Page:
TRAVEL TO MOROCCO DURING THE RAMADAN
Ramadan is the ninth month of the Muslim lunar calendar, a holy month characterized by being a month dedicated to pray, introspection and daily fasting that symbolizes the mortification of the body and a closer bond with Allah.
Fasting is not the only important thing during Ramadan, since it is accompanied by personal discipline, helping others, having good thoughts, etc., in short being a good Muslim and a good person.
Its duration is a full lunar month and its start date changes every year, anticipating 11 days with respect to the previous year, since it begins with the appearance of the moon of the eighth month of the Muslim calendar.
This year 2018 Ramadan begins on May 15 and ends on June 14.
The last day of Ramadan, called Aid el Fitr, celebrates the end of the fast party and a handout is given to a person in need of gratitude to Allah for having successfully fasted.
The fast is carried out from dawn until sunset and of course there are people who are exempt from fulfilling it as sick, children, frail elderly, travelers, pregnant women, during the puerperium and breastfeeding if the child may be at risk.
Rupture of fasting
At dusk, with the sunset and a general warning from the mosques, the cities boil over and life intensifies. The bakeries open, the streets are filled with people and vehicles and then disappear from the streets as they retire to their homes to eat as a family.
During a period of 1 or 2 hours the city is empty, without cars or pedestrians and we will only see in the street the passers-by who break the fast in the cafeterias, and the employees of the stores that do it in their establishments.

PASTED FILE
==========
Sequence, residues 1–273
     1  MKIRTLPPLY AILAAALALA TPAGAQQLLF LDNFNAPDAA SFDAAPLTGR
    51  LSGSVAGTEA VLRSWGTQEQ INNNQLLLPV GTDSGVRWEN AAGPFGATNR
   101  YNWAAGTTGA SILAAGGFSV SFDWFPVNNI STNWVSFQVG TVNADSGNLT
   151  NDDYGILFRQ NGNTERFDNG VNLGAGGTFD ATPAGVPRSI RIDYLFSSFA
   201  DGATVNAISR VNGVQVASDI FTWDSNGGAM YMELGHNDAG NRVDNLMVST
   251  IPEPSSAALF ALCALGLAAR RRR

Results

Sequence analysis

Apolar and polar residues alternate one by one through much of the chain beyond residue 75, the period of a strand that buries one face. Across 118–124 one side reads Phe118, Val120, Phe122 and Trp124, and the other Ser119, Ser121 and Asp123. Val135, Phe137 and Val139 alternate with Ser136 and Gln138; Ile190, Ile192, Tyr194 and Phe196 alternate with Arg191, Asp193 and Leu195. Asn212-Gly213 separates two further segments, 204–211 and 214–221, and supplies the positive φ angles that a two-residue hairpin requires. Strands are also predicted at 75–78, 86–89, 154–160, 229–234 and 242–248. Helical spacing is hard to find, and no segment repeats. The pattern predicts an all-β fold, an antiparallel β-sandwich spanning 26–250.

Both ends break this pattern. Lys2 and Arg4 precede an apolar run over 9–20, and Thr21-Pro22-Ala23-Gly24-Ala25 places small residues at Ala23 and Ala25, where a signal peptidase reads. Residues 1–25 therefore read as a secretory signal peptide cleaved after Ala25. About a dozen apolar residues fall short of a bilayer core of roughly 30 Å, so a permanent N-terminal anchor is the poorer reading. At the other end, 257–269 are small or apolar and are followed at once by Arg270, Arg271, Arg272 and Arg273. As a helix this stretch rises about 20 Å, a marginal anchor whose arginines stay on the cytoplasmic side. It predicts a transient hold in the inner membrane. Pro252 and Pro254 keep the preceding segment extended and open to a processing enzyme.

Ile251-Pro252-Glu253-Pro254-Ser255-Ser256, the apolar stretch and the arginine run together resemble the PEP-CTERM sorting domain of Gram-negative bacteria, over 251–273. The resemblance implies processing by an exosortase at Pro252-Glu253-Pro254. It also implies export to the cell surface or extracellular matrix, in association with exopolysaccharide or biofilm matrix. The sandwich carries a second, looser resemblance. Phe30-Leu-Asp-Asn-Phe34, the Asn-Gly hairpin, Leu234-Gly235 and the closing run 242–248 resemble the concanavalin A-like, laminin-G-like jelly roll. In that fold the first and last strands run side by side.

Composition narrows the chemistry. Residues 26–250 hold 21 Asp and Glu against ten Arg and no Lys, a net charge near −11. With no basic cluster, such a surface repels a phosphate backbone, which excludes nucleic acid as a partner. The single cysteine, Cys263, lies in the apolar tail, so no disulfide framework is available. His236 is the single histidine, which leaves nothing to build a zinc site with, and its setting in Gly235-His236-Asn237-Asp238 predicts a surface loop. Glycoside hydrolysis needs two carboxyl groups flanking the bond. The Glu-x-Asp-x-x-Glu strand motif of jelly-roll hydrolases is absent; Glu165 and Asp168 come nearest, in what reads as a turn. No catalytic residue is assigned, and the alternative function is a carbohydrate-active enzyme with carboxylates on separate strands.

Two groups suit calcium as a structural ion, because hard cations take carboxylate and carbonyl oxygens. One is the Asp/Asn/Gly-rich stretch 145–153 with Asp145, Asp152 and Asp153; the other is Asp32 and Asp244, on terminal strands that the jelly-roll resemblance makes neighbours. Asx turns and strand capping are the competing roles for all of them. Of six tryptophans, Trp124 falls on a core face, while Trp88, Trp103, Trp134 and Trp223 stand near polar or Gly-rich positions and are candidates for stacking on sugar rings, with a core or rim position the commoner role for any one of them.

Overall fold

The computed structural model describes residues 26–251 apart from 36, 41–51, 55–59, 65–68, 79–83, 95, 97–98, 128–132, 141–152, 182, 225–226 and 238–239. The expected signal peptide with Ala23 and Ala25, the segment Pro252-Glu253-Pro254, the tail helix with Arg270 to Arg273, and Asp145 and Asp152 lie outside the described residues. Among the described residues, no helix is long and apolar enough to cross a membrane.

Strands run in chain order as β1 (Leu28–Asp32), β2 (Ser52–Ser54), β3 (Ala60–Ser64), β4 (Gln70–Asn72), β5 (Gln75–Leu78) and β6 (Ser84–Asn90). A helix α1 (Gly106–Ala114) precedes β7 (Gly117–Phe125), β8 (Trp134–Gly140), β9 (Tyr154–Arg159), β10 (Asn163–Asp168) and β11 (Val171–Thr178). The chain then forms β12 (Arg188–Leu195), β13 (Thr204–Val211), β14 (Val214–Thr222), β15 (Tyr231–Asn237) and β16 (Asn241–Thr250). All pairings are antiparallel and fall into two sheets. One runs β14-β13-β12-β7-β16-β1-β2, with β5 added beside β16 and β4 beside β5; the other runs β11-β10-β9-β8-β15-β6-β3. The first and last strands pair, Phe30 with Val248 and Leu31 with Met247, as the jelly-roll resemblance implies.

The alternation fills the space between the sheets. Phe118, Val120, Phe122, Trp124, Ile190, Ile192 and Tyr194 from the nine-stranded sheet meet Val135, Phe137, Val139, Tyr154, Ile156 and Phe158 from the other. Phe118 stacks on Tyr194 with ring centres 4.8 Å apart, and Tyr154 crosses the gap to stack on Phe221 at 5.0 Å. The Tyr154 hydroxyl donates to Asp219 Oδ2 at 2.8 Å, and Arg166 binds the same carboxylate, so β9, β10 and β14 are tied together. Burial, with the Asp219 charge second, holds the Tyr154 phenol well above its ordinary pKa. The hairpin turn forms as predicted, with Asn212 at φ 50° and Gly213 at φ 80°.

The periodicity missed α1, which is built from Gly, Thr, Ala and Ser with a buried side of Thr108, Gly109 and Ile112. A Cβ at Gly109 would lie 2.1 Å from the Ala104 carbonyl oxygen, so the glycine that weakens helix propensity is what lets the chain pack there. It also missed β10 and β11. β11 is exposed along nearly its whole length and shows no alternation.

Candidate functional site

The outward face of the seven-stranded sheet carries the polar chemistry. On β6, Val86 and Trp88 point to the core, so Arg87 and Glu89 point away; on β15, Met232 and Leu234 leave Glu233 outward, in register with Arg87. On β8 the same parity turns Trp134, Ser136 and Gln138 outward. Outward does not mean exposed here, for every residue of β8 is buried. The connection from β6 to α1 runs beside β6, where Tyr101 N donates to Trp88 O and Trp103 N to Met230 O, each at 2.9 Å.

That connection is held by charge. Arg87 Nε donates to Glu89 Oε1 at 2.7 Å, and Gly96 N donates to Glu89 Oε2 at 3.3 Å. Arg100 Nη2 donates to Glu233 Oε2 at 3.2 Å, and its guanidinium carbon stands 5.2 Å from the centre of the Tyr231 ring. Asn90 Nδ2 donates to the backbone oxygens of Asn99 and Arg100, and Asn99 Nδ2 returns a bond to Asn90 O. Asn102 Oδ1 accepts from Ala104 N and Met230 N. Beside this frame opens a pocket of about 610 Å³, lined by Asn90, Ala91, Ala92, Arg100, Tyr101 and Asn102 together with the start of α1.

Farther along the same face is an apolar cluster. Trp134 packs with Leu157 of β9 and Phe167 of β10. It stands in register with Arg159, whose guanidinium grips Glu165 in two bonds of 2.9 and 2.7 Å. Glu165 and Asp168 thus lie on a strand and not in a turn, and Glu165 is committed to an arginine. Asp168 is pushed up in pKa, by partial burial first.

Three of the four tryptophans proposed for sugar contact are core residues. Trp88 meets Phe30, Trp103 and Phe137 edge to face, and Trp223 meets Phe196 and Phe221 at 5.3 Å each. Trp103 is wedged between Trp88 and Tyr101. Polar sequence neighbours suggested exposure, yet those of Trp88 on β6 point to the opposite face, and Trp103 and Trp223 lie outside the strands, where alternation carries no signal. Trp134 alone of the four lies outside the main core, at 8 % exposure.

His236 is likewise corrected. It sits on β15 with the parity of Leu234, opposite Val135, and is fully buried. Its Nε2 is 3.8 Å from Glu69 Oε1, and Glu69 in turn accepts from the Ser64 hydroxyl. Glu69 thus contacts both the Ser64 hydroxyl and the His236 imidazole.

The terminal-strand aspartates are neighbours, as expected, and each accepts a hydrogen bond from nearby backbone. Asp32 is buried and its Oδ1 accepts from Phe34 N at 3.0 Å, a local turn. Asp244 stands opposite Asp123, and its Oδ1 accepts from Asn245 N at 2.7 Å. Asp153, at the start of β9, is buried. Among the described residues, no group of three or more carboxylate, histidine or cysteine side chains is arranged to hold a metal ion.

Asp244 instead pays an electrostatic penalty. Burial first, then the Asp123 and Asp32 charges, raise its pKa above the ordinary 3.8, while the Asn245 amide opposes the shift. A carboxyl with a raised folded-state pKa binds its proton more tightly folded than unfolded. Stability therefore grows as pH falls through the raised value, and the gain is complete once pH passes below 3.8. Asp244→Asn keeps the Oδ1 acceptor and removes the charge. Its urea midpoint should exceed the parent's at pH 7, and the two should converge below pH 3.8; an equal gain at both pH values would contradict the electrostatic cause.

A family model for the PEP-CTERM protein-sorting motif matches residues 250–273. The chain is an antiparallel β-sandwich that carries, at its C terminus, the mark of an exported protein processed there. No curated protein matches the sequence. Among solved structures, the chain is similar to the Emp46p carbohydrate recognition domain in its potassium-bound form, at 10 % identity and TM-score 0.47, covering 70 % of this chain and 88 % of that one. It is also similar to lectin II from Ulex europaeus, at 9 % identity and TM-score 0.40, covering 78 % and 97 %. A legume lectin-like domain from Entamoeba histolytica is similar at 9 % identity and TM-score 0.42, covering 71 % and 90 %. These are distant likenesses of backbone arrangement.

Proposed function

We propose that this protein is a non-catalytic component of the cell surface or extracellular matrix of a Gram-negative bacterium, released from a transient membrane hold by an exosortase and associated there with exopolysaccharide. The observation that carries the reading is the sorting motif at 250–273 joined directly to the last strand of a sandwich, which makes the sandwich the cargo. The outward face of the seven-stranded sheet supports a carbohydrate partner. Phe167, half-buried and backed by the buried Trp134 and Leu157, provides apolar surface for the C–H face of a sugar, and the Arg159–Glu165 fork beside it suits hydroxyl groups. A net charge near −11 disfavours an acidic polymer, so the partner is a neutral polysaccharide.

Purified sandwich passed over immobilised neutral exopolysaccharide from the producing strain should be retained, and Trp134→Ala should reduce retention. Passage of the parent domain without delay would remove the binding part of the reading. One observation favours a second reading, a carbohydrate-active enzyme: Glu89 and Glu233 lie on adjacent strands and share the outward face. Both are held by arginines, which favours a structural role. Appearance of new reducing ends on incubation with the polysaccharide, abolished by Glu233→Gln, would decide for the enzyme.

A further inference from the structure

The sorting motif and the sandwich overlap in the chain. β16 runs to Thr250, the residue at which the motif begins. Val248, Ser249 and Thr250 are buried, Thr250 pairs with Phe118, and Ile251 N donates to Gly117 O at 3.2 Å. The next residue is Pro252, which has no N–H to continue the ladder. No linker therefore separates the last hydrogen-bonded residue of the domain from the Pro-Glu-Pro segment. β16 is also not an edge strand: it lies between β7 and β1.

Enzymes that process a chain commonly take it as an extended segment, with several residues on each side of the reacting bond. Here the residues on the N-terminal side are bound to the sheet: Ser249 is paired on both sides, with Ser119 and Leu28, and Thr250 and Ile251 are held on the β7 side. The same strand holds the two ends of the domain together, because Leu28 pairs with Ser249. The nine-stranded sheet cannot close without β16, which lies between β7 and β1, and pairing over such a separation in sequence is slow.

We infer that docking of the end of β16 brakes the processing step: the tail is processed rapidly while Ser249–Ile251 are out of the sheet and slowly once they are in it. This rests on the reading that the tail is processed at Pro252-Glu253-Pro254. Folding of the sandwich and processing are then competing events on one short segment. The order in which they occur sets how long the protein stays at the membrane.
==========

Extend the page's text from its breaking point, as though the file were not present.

After this period of time the city once again boils, is full of people who take advantage of the night to walk or eat something in the cafes and restaurants.
Advices for the traveler
There is no problem visiting Morocco at this time, but the rhythm of the Muslim countries changes during this month and it must be taken into account.
We can buy food and drinks in stores, but we will not find many cafes and restaurants open for breakfast or lunch time, only those that are exclusive for tourists.
It is not recomended to eat in public during fasting hours out of respect for the population.
Avoid also smoking in public to avoid temptation as Muslims during this month try to lead a healthy life.
Access to alcoholic drinks is much more restricted and they are prohibited in some places.
It is recommended to avoid using the car at dusk, as all Muslims are in a hurry to get home and the "orderly chaos" of the traffic reaches its peak.
If you have the opportunity to share with a family the first meal after breaking the fast (ftour Ramadan), do not let it escape and enjoy it.
In order to shorten the working days during this month, it is back to winter time (GTM-1) instead of the usual for the rest of the year (GTM + 0), so the time difference with Spain during this month is 2 hours.
Typical dishes of Ramadan
In this period of time we will have the opportunity to taste exquisite dishes that are cooked for this occasion.
In addition to the dates, typical foods of this time are the harira, boiled eggs, beghrir, Berber pizza, noodles and rice, stews of chicken with raisins, toasted sesame and almonds fried and baked fish all accompanied by milk and of course the mint.
Some of the most common options to break the fast are:
- The Harira: Traditional Moroccan soup, very nutritious, prepared with meat, vegetables and tomatoes and garnished with cilantro, parsley, ginger and pepper to intensify its flavor..
- The chebakia: Sweet Moroccan made with strips of honey paste covered with sesame and anise seeds inside and mixed with almonds, vinegar, cinnamon, saffron and orange blossom water.
- Beghrir: Moroccan crepe, very usual also in the usual breakfasts. It is served hot with honey, butter, olive oil or argan, to which you can add a paste of almonds.
- Sfijas: they are a breaded type stuffed with crunchy minced meat and with a very particular flavor that is achieved thanks to the pepper and the lemon juice.
- Gatayef: it is one of the most typical desserts in the Ramadana. It is a slightly similar mass to the pancakes, stuffed with nuts, cinnamon, sugar, cheese and all kinds of delicious products. Once fried, bathe in a syrup perfumed with rose water to give it more flavor.